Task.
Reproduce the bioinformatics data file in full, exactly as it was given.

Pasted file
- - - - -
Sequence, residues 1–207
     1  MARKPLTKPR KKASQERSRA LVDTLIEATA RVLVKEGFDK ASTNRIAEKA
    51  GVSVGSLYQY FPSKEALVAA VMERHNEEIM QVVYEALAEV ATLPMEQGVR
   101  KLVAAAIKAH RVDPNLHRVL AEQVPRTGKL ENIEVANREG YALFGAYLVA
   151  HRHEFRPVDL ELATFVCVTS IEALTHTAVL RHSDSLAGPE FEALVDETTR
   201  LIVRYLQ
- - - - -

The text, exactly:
Sequence, residues 1–207
     1  MARKPLTKPR KKASQERSRA LVDTLIEATA RVLVKEGFDK ASTNRIAEKA
    51  GVSVGSLYQY FPSKEALVAA VMERHNEEIM QVVYEALAEV ATLPMEQGVR
   101  KLVAAAIKAH RVDPNLHRVL AEQVPRTGKL ENIEVANREG YALFGAYLVA
   151  HRHEFRPVDL ELATFVCVTS IEALTHTAVL RHSDSLAGPE FEALVDETTR
   201  LIVRYLQ